I have recently read an article analysing all the negatives of our today’s global world, including losing national identity or spreading various diseases. Given my personal resolution to bring more and more positive psychology to my life I decided to rethink the topic and list three main things I value in globalisation as an expat.
An obvious one. Probably if it wasn’t for the European Union, I wouldn’t have made the decision to move out of Poland at all. EU made the whole move easier for me, without unnecessary paperwork and queues on the border. But easier travel also goes beyond Europe. Although there is more paperwork involved for people moving to Europe from non-EU countries, travelling is still much easier than it has been a couple of years ago. Look at the flight prices, accessibility of various currencies, lack of restrictions (in most countries, sadly not in all of them) as to where, for how long or to whom you can go. Getting a travel visa is more and more often just a formality that requires some money and patience, it’s no longer a huge restriction. We should be grateful for the possibility to travel the world so easily these days.
Another thing is that thanks to globalisation and the accessibility of other cultures we can expand our knowledge about the world very easily if we want to. Even if you don’t have the financial means to travel often, most places in the world have access to the internet. And the internet is such a huge medium that we can use! From international meet-ups, facebook groups, international smartphone apps, interest communities, blogs, to finding accommodation through couchsurfing or Airbnb almost anywhere in the world. All of the above (and many more) give us an amazing opportunity to get in touch with people from around the world and learn something more about their lives, without even leaving our room. And it can be done from any place in the world! How awesome is that?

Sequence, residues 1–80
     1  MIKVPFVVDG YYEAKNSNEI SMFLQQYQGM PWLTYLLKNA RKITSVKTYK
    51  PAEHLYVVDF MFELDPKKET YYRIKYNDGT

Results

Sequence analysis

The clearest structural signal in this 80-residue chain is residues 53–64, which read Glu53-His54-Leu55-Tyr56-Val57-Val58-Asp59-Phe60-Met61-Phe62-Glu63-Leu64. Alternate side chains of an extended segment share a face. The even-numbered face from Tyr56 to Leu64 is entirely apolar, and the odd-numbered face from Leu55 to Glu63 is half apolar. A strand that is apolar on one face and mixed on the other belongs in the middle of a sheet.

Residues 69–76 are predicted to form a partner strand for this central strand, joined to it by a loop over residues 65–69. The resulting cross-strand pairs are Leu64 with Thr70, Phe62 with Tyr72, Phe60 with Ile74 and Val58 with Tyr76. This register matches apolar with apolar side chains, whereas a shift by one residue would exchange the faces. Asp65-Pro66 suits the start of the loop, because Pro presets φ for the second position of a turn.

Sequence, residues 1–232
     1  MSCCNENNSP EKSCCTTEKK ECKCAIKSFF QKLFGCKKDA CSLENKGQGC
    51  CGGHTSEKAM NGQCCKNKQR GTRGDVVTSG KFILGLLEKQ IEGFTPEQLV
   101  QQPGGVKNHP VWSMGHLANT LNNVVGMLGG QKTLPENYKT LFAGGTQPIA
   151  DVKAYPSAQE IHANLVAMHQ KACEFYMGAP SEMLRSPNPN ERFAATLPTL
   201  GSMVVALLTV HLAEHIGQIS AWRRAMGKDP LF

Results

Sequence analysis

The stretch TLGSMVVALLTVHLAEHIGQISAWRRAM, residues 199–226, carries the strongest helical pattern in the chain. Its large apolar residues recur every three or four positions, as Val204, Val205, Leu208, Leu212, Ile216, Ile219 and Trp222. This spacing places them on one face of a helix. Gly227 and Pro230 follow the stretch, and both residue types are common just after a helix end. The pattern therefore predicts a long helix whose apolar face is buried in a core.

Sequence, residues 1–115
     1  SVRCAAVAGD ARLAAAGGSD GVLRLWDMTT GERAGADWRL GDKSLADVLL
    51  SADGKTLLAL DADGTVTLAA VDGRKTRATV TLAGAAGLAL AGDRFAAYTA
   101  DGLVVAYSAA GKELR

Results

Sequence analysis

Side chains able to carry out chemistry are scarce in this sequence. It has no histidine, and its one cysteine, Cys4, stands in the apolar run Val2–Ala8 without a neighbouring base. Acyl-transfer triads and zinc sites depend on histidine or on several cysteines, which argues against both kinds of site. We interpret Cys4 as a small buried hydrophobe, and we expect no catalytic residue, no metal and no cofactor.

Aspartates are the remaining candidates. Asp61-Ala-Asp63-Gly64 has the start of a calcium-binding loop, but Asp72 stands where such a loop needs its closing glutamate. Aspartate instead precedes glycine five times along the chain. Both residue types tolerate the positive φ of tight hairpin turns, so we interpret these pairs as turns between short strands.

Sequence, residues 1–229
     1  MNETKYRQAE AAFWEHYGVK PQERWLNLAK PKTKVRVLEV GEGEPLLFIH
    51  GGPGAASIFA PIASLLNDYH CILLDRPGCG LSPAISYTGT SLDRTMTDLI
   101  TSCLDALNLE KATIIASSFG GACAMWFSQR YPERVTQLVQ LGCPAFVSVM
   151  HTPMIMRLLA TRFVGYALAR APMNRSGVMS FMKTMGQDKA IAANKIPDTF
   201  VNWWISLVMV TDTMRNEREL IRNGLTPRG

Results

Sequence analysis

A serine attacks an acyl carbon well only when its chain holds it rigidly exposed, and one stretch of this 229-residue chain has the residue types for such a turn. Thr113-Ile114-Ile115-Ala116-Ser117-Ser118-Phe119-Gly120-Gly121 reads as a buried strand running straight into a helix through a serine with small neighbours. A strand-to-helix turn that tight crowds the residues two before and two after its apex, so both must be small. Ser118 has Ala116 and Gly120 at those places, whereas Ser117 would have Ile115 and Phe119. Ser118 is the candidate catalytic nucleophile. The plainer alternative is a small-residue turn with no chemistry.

Easier adaptation thanks to company chains
That one I find quite personal as I didn’t expect it to be so important when I was moving abroad. At first I was very excited to discover new places, to get to know local stores and customs. Of course I was. Very quickly however I realised that whenever I was tired or just ‘not in the mood’ I had the tendency to go for the places or shop in stores I already knew. I was going for something familiar. They were very often brands that I already knew from Poland. It was a safe choice, didn’t require much energy from me, reading etiquettes or thinking about the prices too much, didn’t drain energy. On those days I realised that global chains had a meaningful impact in how quickly I was getting used to the UK reality. I would probably struggle much more if I went to Chile for example, because the reality there is much more different from the one in Poland – it would simply take more time for me to get to know it. In the UK on the other hand using the brands I knew gave me the stability and confidence that I at least have some common base with the locals living here.
I am fully aware that globalisation, whether it’s common global brands, accessibility of travel or World Wide Web, has some disadvantages as well which influence how we live our lives nowadays. However I’ll risk saying that we can’t really stop it. And if we can’t, we may as well make the best out of it!